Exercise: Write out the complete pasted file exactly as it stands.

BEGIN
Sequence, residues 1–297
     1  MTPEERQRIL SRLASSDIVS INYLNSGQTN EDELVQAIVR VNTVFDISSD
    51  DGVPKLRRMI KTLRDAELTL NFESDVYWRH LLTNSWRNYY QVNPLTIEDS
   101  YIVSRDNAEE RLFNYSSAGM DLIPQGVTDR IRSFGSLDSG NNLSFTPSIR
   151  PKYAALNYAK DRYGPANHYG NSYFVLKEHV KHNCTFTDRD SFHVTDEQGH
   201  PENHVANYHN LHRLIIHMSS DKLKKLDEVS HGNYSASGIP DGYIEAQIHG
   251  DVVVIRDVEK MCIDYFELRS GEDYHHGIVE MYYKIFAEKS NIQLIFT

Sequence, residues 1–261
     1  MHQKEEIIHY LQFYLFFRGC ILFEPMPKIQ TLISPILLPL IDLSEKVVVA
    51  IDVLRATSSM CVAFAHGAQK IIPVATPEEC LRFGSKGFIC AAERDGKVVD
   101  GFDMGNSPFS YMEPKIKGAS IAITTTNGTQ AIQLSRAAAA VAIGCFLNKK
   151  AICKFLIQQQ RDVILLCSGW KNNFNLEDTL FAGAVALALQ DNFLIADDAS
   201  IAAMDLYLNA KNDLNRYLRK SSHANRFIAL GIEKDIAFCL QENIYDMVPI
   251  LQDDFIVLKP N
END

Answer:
Sequence, residues 1–297
     1  MTPEERQRIL SRLASSDIVS INYLNSGQTN EDELVQAIVR VNTVFDISSD
    51  DGVPKLRRMI KTLRDAELTL NFESDVYWRH LLTNSWRNYY QVNPLTIEDS
   101  YIVSRDNAEE RLFNYSSAGM DLIPQGVTDR IRSFGSLDSG NNLSFTPSIR
   151  PKYAALNYAK DRYGPANHYG NSYFVLKEHV KHNCTFTDRD SFHVTDEQGH
   201  PENHVANYHN LHRLIIHMSS DKLKKLDEVS HGNYSASGIP DGYIEAQIHG
   251  DVVVIRDVEK MCIDYFELRS GEDYHHGIVE MYYKIFAEKS NIQLIFT

Sequence, residues 1–261
     1  MHQKEEIIHY LQFYLFFRGC ILFEPMPKIQ TLISPILLPL IDLSEKVVVA
    51  IDVLRATSSM CVAFAHGAQK IIPVATPEEC LRFGSKGFIC AAERDGKVVD
   101  GFDMGNSPFS YMEPKIKGAS IAITTTNGTQ AIQLSRAAAA VAIGCFLNKK
   151  AICKFLIQQQ RDVILLCSGW KNNFNLEDTL FAGAVALALQ DNFLIADDAS
   201  IAAMDLYLNA KNDLNRYLRK SSHANRFIAL GIEKDIAFCL QENIYDMVPI
   251  LQDDFIVLKP N